Next, we examined the expression of these ESGs in both cancer cells and CAFs in the selected scRNA-seq datasets (Fig. 1b, S4a). In all cancer types examined, the ESG signal was stronger in CAFs, which expressed more ESGs and at overall higher levels than the cancer cells. The cancer cells expressed a smaller subset of ESGs, typically at low and largely uniform levels, with some exceptions of patient-specific effects (Fig. S4b). Thus, the data provided limited evidence for EMT. Importantly, in most studies Vimentin and the EMT TFs were expressed at very low levels in the cancer cells and much more highly in CAFs, with the notable exception of SNAI2 in HNSCC (Fig. 1c). Expression of TWIST1 and ZEB2 was largely absent in cancer cells, and, in 6 of the 8 cancer types, even the 95th percentile of Vimentin expression levels in cancer cells was lower than its average expression level in CAFs. Furthermore, expression levels of epithelial markers largely did not correlate negatively with those of ESGs (Fig. S5). Taken together, these results suggest that most expression of ESGs in tumours reflects CAFs and that the weaker signal for a subset of ESGs in cancer cells is more consistent with only a partial EMT (pEMT) rather than full EMT. Notably, the expressed ESGs appear to differ between cancer types, underscoring the context specificity of potential pEMT. These results were robust to ambiguity in the definition of CAFs (Fig. S3, S6) and to the normalisation method used to define expression levels (Fig. S7).

However, given the limited numbers of profiled cancer cells and potential biases in scRNA-seq profiling, as particular cell types may not survive through single cell isolation protocols, we cannot exclude the possibility that rare cells with full EMT have escaped detection in those datasets. Moreover, the low number of tumour samples with available single cell data precludes statistical associations of the identified pEMT programs with clinical features. In contrast, bulk RNA-seq data does not suffer from the same biases associated with isolation of particular cell types, and is much more plentiful, with large and clinically annotated bulk RNA-seq datasets together comprising thousands of tumour samples. This motivates the development of a method to separate the cancer-cell-specific pEMT program from CAF signatures in bulk expression profiles.

Simulation of bulk expression profiles indicates that mesenchymal signatures are dominated by CAFs

Before analysing bulk expression profiles, we sought to understand the expected expression patterns of ESGs in bulk profiles based on their patterns in scRNA-seq data. We simulated bulk expression profiles by sampling from the scRNA-seq data various fractions of CAFs and cancer cells, as well as other annotated cell types, and aggregating their individual expression profiles. We thus obtained a set of bulk expression profiles for simulated tumours with known cell type composition and corresponding single-cell expression data, which enabled precise calculation of the contribution of each cell type to the bulk expression of ESGs. We evaluated this contribution for each cell type by averaging over all simulations in which that cell type had a particular cellular frequency (Fig. 2a, S8a).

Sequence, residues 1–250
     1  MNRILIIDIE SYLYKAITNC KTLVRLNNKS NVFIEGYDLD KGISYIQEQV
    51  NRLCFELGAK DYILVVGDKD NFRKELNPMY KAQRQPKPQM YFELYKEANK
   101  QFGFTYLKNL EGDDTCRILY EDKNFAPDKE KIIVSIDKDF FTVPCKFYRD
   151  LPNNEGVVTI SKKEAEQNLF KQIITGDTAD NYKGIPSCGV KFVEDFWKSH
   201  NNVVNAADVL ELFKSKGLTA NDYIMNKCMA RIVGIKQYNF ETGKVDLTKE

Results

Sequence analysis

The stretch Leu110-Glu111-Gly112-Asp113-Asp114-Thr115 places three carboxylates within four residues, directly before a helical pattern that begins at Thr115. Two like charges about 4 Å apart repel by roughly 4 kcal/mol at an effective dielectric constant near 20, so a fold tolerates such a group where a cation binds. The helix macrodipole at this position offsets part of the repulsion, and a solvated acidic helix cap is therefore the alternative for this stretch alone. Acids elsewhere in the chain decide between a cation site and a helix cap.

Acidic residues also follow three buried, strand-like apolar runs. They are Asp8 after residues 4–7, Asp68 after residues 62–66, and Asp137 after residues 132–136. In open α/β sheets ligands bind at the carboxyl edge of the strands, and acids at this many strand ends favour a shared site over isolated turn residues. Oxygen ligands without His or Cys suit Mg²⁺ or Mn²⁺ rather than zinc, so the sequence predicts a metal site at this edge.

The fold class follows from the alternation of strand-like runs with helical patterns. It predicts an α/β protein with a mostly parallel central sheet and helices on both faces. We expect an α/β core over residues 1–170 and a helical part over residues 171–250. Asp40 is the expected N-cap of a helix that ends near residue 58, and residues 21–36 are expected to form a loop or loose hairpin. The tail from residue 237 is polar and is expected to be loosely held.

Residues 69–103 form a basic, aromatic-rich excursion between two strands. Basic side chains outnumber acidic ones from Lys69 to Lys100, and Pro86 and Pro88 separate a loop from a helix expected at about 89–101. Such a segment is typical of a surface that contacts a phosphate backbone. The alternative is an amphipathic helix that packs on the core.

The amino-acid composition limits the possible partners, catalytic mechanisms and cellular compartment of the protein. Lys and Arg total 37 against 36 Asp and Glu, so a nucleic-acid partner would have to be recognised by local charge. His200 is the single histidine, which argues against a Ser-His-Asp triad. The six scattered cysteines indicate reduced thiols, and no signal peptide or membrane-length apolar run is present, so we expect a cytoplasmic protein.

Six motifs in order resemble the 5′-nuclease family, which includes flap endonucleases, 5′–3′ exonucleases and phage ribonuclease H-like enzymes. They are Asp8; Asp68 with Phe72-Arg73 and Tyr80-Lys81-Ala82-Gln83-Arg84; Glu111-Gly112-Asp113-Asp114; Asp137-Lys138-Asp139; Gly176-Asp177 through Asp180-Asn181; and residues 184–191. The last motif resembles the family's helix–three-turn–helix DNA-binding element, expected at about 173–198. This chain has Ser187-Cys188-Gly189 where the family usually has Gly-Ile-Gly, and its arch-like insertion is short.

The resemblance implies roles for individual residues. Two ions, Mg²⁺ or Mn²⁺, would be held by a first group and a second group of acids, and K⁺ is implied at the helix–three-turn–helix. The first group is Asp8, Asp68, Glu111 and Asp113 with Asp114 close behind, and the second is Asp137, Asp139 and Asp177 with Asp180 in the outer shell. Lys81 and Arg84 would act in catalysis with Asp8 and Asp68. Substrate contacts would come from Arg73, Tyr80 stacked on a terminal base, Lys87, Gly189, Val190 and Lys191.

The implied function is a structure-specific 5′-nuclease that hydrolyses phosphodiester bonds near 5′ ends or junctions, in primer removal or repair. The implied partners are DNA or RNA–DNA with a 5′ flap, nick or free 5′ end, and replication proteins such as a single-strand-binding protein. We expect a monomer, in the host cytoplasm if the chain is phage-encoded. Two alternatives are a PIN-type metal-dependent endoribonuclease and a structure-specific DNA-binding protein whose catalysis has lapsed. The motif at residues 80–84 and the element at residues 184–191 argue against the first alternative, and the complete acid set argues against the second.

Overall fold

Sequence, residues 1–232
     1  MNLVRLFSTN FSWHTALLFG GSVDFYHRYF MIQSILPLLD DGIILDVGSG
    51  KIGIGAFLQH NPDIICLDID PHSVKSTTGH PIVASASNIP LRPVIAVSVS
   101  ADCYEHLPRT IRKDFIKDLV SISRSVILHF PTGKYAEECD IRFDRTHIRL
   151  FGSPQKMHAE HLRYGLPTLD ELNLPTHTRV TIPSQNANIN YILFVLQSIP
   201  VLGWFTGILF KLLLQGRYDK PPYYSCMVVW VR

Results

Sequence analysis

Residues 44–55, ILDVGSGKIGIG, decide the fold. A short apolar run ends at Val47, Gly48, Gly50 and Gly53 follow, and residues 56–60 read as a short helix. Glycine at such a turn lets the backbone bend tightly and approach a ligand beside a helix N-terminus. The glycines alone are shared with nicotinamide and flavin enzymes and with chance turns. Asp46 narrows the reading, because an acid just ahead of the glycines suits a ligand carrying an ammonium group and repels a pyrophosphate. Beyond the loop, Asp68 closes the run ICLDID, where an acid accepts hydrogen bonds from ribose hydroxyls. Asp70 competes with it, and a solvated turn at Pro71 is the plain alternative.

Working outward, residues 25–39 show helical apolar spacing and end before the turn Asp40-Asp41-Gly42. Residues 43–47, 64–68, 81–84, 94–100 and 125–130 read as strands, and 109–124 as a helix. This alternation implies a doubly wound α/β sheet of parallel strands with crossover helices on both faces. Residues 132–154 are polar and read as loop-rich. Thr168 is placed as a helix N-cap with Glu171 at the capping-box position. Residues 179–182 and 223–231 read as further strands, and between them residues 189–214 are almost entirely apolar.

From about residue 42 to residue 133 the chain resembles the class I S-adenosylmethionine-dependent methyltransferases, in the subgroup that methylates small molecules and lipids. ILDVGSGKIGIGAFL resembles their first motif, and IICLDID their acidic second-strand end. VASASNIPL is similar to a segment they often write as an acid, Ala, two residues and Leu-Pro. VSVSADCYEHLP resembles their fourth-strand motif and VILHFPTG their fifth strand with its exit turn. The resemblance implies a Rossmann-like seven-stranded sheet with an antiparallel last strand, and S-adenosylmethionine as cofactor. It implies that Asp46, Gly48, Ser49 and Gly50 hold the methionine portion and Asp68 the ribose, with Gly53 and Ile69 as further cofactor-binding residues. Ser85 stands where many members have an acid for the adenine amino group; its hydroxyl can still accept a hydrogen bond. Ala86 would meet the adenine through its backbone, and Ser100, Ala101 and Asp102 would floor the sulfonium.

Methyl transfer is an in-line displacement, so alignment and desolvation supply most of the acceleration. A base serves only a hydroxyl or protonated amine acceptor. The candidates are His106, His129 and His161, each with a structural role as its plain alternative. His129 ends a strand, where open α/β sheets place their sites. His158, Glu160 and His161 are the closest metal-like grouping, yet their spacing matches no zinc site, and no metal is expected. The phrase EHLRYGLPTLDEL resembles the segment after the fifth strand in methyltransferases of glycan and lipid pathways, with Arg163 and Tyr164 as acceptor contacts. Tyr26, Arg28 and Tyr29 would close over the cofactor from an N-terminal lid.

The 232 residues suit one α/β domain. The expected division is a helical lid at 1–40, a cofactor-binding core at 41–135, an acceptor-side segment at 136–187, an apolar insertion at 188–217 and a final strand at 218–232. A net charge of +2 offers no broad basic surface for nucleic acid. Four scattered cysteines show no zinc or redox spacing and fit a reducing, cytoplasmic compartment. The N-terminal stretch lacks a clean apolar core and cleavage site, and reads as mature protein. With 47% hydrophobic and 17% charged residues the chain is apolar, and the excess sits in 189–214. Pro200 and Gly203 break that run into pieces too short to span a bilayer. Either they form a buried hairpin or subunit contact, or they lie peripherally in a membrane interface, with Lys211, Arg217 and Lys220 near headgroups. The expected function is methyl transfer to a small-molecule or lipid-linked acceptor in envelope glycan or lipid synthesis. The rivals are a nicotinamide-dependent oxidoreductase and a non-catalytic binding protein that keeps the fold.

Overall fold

Fig. 2: Contribution of different cell types to expression of ESGs in simulated bulk tumours.
figure2

a Line plots showing the relative contributions of different cell types to ESG expression (EMT signal), for various fractions of tumour composition, in simulated bulk expression profiles based on 3 scRNA-seq datasets out of the 8 considered (the remaining 5 are shown in Fig. S8a). Each point represents the average proportion of EMT signature gene expression coming from the corresponding cell type in a collection of 100 simulated tumours with the given fraction of that cell type and varying proportions of the other cell types. Error bars show the standard deviation over the set of 100 simulations. b ESG co-expression matrices derived from simulated bulk expression profiles based on the 3 scRNA-seq datasets shown in (a) (the remaining 5 are shown in Fig. S8b), ordered by the SPIN side-to-side algorithm37 with slight modifications (see Methods). ESGs are annotated with two colour-coded panels at the top: (1) correlations with simulated tumour purity (Pearson correlation coefficient); and (2) comparison of expression levels in simulated tumours versus in cell lines, where positive numbers indicate higher expression in tumours than in cell lines. Heatmaps below the co-expression matrices show the relative expression levels of ESGs in individual CAFs (bottom rows) and cancer cells (top rows) in the scRNA-seq data. Selected ESGs are labelled at the side of each co-expression matrix. Source data are provided as a Source Data file.